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Data S1. Mechanism of graying, MC1R signaling, coat color and melanoma.

Data S2. Methods.

Figure S1. Testing for the effect of MC1R genotype.

Figure S2. Previously reported effect of the ASIP mutation on melanoma grade (a)1, and 2 hypotheses tested for the effect of MC1R on melanoma risk and grade in gray horses (STX17GG or STX17Gg) (b, c).

Table S1. Melanoma grading system (Rosengren et al, [5]).

Table S2. Allele coding for each genetic model was considered in regression analyses. Additive, recessive and dominant coding is relative to the derived (mutant) allele. Both dominant and recessive coding have two levels of effect: 0 or 1. Additive coding allows each additional copy of the risk allele to result in a simple additive increase in risk, with three different levels of effect: 0, 1 or 2. Genotypic coding also allows for three different levels of effect (one for each genotype), however the effect differences do not have to be additive; in this circumstance the genotype coding is categorical. For example, genotypes AA, Aa, and aa, could have effects of 0, 2 and 6 respectively, or in a scenario where heterozygotes had the highest risk effects for AA, Aa, and aa could be 0, 6 and 2 respectively. The genotypic model treats all three genotypes as independent categories, without assigning an a priori guess as to the effect (ie does not have to be additive, dominant or recessive).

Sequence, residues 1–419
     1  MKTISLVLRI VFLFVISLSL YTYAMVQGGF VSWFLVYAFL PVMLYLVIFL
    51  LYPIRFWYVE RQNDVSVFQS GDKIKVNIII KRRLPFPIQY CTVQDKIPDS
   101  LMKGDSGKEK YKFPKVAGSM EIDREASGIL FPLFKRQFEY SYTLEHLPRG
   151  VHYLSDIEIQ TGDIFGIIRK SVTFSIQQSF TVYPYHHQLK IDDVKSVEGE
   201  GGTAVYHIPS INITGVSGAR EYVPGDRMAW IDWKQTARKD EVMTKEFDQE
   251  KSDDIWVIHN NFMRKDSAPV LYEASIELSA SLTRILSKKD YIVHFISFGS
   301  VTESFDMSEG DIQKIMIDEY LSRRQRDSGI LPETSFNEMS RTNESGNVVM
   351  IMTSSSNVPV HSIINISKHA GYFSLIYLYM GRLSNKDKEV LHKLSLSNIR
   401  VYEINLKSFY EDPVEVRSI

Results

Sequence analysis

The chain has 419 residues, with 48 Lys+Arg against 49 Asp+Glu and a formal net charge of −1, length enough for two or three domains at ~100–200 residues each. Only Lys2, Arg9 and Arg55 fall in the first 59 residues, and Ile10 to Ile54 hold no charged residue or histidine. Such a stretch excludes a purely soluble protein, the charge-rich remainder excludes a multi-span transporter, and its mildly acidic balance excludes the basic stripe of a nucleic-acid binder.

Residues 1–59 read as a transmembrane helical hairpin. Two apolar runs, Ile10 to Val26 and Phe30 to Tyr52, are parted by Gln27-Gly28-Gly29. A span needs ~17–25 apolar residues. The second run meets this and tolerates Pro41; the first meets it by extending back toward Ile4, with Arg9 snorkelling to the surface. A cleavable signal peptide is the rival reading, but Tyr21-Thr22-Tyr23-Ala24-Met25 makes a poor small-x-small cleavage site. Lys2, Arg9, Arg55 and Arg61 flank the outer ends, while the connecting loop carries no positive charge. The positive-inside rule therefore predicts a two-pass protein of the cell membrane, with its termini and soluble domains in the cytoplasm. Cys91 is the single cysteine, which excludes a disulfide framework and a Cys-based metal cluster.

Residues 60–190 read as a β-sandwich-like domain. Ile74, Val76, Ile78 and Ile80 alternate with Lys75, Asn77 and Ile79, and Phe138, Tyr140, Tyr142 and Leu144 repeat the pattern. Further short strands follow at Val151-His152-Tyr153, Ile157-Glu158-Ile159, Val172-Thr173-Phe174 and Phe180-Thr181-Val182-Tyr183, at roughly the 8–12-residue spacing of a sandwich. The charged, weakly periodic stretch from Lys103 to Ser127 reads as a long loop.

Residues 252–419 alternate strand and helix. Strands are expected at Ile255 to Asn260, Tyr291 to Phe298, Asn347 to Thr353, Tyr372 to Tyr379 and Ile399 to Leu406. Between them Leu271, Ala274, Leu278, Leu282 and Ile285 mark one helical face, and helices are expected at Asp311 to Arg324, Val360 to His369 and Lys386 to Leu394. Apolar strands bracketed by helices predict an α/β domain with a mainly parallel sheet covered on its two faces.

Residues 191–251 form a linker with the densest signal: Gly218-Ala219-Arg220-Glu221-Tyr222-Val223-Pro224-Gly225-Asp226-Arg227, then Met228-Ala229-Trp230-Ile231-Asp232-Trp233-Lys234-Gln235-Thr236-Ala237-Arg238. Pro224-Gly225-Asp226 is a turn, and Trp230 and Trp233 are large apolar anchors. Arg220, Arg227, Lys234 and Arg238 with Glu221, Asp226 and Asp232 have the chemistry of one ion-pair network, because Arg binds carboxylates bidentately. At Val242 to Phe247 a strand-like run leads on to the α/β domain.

Table S3. Distribution of melanoma grades in the case cohort.

Table S4. Breakdown of melanoma prevalence and mean melanoma grade by gender.

Table S5. Breakdown of melanoma prevalence and mean melanoma grade by age.

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